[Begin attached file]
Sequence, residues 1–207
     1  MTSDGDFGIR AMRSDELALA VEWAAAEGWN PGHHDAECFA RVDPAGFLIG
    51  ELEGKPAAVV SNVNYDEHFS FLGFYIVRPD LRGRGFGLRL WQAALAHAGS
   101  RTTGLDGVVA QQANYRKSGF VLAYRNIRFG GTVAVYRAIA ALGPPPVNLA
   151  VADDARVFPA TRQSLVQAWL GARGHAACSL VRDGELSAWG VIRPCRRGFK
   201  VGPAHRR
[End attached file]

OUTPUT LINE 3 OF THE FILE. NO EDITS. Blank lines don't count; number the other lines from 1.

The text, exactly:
    51  ELEGKPAAVV SNVNYDEHFS FLGFYIVRPD LRGRGFGLRL WQAALAHAGS